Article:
Friday, December 25, 2009


Kioni Dudley led a fight against the Hoopili development
By Erika Engle
KIoni Dudley, a retired professor and high school teacher, led the battle against D.R. Horton-Schuler Hawaii in its bid to urbanize 1,500 acres of prime agricultural land in Ewa to build 12,000 homes in a community it calls Hoopili.

Kioni Dudley stands outside his home in Makakilo, which overlooks the rejected Hoopili project seen in the distance between the homes in the foreground and Pearl Harbor.
His Friends of Makakilo group, with backing from the state Office of Planning and the heads of the state Transportation and Agriculture departments, won a state Land Use Commission ruling rejecting the developer's plan.
Dudley does not claim a single-handed victory.
"We certainly have a good, large number of people ... working with us," he said. "They were not only members of Friends of Makakilo, but also concerned citizens from Ewa, Ewa Beach, Kapolei and the Waianae Coast.
"They were the people who went door to door and waved signs. They were the people who helped me in getting together town hall meetings and so forth," he said, naming Glenn Oamilda as well as his own wife, Doris Dudley -- "the super-organizer."
But the August decision ended just one battle.
The ruling was based on D.R. Horton-Schuler's failure to submit a plan detailing the timing, phasing and location of developing the community. Such detailed plans are required if a project will take more than 10 years to complete, and the Mililani- or Hawaii Kai-sized Hoopili development would take some 20 years.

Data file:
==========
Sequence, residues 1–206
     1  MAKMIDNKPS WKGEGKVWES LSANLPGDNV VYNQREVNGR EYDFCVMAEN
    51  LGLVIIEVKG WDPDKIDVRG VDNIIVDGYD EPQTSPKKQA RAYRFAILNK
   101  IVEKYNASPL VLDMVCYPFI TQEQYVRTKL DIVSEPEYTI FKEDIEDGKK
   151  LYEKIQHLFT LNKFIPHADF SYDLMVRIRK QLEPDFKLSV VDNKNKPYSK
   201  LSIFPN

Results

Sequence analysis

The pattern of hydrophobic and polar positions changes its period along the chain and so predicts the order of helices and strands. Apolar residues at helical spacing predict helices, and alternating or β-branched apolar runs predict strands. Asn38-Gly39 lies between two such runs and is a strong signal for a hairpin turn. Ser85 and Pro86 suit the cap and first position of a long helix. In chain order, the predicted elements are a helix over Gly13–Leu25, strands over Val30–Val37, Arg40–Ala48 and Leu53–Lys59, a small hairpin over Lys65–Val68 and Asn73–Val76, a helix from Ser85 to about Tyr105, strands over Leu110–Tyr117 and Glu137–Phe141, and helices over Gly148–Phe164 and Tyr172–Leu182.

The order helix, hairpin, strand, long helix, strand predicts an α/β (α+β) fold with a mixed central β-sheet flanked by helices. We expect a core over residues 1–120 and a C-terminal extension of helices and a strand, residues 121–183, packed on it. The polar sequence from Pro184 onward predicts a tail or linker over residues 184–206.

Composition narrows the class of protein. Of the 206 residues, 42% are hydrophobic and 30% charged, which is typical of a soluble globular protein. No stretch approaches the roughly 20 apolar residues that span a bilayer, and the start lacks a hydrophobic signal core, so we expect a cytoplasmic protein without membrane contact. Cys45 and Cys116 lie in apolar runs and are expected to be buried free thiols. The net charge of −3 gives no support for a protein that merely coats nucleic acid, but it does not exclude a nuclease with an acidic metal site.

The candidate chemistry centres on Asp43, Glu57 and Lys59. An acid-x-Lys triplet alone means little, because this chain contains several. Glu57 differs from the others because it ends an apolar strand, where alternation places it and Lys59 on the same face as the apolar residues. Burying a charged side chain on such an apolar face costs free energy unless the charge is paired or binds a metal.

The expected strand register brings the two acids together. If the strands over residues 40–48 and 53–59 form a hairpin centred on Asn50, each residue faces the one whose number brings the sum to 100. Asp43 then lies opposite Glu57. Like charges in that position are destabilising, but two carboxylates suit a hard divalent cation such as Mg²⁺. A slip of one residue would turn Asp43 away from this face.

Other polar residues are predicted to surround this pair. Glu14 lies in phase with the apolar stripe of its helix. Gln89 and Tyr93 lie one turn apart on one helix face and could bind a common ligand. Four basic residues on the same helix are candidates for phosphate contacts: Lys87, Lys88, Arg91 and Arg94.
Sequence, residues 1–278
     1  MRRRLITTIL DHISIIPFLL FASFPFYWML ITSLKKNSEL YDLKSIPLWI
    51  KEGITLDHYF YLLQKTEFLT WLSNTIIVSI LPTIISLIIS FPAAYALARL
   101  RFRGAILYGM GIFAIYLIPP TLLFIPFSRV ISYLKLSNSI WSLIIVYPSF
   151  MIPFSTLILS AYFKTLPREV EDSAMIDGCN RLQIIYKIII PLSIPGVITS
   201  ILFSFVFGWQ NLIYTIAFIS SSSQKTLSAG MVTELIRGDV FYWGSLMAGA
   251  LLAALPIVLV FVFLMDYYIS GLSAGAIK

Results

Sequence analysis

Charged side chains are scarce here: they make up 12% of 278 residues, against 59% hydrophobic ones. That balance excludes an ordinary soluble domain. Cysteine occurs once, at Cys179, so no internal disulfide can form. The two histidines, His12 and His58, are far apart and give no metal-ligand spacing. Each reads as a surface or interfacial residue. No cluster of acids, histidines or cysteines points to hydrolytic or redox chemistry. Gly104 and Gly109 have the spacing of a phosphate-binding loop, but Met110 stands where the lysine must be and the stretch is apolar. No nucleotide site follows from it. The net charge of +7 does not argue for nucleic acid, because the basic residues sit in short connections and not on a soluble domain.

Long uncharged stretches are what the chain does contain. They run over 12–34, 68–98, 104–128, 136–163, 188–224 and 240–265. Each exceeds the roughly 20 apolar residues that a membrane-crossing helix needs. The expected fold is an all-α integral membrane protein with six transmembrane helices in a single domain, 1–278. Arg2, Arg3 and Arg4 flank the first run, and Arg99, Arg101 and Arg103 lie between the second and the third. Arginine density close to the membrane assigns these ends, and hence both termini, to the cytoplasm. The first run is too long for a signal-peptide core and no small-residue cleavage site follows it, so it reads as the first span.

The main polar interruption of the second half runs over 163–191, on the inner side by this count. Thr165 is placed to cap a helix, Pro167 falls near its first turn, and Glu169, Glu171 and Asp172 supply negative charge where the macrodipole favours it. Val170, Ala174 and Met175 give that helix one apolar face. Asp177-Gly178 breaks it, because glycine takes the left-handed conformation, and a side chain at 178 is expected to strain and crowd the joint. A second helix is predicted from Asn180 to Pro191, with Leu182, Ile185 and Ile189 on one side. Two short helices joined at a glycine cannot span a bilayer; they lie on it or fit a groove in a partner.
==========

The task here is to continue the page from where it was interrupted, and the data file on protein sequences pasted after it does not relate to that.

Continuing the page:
"Obviously, we're disappointed in the decision," Horton President Mike Jones told the Star-Bulletin at the time. The developer vowed to push forward "to plan for the future of Hawaii, for future job growth and local housing."
There are currently 29,000 houses on the Ewa plain. Zoning has been approved for 33,000 more.
The additional 12,000 homes at Hoopili, on what is now prime farmland mauka of H-1, would require hauling away the rich topsoil and "filling up our farmland with coral so they can build their houses," Dudley said. "So it just plainly does not make sense."
The traffic problem is already huge, "and we're going to double the population out here and try to put them on H-1," he said. "Let's consider that for a minute."
Federal law will also require construction of "10-foot, solid concrete cement-block walls along the freeway in order to prevent the sound of the freeway from going in to Hoopili," Dudley said. "It's an urbanization of the country that is just unpalatable."
For Leeward-bound drivers, seeing the open space past Waipahu is good for the soul, Dudley said.
"If we allow Hoopili, it's going to cause solid houses from Hawaii Kai to Ko Olina, unbroken city," he said. "The Second City was supposed to be separate from the First City."